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International Supply Chain Management

Submitted to: Mr. J. Taluja

Submitted By:

Kanishk Kalanoria Gourav Goyal Nilanjan Nandi

Logistics is the part of the supply chain process that plans, implements, and controls the efficient, effective forward and reverse flow and storage of goods, services, and related information between the point of origin and the point of consumption in order to meet customers requirements.
Source: Council of Supply Chain Management Professionals

Supply Chain Management

Supply Chain Management encompasses the planning and management of all activities involved in sourcing and procurement, conversion, and all Logistics Management activities. Importantly, it also includes coordination and collaboration with channel partners, which can be suppliers, intermediaries, third-party service providers, and customers. In essence, Supply Chain Management integrates supply and demand management within and across companies.
Source: Council of Supply Chain Management Professionals

International Logistics
International Logistics is the process of planning, implementing, and controlling the flow and storage of goods, services, and related information from a point of origin to a point of consumption located in a different country.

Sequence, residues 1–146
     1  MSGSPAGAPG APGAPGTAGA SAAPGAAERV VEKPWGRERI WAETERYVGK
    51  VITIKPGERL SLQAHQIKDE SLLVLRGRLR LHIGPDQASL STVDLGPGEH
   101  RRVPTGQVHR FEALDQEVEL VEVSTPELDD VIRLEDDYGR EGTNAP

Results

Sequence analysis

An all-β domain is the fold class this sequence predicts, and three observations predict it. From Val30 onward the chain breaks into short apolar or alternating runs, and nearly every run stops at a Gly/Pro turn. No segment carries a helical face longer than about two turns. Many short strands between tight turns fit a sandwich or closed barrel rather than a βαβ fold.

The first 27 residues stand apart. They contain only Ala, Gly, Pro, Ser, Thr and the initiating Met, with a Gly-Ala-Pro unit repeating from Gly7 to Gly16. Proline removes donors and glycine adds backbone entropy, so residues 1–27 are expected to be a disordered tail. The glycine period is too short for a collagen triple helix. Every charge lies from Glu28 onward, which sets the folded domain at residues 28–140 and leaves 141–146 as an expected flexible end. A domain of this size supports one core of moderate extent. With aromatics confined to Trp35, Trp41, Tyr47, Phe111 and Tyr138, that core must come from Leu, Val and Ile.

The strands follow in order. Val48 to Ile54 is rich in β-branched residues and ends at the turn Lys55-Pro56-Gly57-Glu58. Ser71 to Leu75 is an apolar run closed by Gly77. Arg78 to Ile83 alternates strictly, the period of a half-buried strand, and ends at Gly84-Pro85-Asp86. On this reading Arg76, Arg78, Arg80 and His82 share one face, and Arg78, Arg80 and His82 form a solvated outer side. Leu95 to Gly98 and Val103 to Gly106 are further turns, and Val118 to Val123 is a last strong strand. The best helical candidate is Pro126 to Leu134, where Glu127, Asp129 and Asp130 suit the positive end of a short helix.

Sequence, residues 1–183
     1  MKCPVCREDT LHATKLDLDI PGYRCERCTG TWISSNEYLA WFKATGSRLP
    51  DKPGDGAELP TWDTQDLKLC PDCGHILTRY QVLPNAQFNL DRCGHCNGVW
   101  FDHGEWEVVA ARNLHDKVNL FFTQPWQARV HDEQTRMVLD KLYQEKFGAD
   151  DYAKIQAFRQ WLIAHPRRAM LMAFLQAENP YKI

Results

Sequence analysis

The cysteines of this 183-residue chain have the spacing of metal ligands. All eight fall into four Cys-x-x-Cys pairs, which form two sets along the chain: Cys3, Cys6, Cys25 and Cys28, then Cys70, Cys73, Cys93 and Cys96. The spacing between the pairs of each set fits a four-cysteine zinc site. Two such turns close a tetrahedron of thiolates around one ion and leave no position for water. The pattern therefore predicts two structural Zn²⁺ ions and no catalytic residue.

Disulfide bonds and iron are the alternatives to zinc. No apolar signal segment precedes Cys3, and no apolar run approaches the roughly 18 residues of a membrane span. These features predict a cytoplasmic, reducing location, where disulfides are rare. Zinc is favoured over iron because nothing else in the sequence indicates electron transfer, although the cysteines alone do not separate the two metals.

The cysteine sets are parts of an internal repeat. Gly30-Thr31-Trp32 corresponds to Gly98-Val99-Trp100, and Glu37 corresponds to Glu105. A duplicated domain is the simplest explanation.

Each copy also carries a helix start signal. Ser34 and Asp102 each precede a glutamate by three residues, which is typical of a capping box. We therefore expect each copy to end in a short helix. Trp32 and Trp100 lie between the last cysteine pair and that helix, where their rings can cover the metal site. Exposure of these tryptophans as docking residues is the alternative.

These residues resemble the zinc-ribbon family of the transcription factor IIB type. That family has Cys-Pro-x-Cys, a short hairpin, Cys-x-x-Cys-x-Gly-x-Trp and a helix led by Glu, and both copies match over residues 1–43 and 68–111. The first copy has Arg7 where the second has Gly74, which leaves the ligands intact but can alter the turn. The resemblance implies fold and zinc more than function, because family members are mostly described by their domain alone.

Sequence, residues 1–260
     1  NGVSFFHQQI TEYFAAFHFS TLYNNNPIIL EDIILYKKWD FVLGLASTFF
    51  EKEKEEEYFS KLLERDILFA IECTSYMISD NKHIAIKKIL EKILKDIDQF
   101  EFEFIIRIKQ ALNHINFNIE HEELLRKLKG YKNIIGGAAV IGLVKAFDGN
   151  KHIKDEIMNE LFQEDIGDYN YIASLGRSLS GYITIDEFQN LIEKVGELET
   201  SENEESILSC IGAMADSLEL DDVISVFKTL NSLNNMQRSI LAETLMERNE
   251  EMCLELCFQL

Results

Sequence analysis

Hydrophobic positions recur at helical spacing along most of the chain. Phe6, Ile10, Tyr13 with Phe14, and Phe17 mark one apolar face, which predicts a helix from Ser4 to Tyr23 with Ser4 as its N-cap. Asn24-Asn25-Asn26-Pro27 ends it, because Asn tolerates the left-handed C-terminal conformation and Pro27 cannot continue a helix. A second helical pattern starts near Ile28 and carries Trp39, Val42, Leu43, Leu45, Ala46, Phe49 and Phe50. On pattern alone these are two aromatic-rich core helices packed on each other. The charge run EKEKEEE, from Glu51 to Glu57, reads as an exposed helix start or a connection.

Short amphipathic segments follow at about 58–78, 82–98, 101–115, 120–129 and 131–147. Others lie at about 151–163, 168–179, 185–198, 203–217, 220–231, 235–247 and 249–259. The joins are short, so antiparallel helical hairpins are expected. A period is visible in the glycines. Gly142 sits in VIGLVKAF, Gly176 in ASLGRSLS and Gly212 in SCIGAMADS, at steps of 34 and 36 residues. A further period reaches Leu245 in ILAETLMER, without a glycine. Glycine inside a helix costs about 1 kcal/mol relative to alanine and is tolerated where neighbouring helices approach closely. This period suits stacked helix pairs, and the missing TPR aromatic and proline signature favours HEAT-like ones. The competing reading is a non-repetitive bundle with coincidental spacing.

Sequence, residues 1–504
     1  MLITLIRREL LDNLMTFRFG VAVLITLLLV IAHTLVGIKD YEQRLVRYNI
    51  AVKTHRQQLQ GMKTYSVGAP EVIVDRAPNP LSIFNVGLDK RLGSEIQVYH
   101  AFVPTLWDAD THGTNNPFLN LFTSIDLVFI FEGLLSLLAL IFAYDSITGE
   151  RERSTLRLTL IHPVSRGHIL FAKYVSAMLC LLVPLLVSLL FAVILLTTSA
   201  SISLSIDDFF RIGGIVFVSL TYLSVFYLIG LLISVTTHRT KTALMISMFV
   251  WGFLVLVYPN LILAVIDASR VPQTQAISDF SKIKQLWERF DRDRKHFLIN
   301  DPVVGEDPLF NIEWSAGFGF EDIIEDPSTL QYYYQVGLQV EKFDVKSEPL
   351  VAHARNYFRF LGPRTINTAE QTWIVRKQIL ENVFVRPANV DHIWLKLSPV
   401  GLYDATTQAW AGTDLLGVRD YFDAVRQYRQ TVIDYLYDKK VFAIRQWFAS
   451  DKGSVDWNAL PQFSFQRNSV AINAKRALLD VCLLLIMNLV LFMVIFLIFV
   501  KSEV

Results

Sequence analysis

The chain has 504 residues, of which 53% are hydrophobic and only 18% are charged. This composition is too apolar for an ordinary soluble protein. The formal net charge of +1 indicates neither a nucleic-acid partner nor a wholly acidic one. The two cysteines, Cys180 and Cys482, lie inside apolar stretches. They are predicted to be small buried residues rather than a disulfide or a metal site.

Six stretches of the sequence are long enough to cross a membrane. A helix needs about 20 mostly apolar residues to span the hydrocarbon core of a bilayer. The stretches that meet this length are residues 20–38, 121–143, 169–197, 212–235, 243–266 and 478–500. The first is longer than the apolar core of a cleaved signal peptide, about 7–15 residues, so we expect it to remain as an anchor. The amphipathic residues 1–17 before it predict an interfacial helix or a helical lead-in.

Logistics and SCM

Inclusionist Evolutionist Intersectionist


Logistics Logistics



Three different perspectives on the relationship between Logistics and Supply Chain Management. The inclusionist perception is the prevailing one today.

The International Supply Chain

Suppliers Domestic/Impo rt Sourcing Order Processing Inbound Materials Order Processing Corporation Throughflow Outbound Materials Order Processing Transportation Physical Materials Distribution Management Management Customers

Domestic/Export Distribution Order Placement

Supplier-Firm Interface Transportation Transportation

Transportatio n Costumer-Firm Interface Physical Customer Distribution Service Management Inventory Management



Inventory Management


Inventory Management

Forward and Reverse Flow of Information, Products, and Funds

Elements of International Supply Chain

The environment in which international logisticians operate is quite different from the domestic environment. The decisions regarding international transportation are much more complicated than domestic transportation. The number of intermediaries involved is greater.

The inherent risks and hazards of international transportation are much more significant.
International insurance is much more complex. International means of payment are more complicated. Terms of trade are more complicated. The crossing of borders represents specific challenges.

Transportation Infrastructure
A firms logistics platform is determined by a locations ease and convenience of market reach under favorable cost circumstances. The public sectors investment priorities, safety regulations, tax incentives, and transport policies can have major effects on the logistics decisions of firms. The logistics manager must learn about existing and planned infrastructures abroad and at home and factor them into the firms strategy.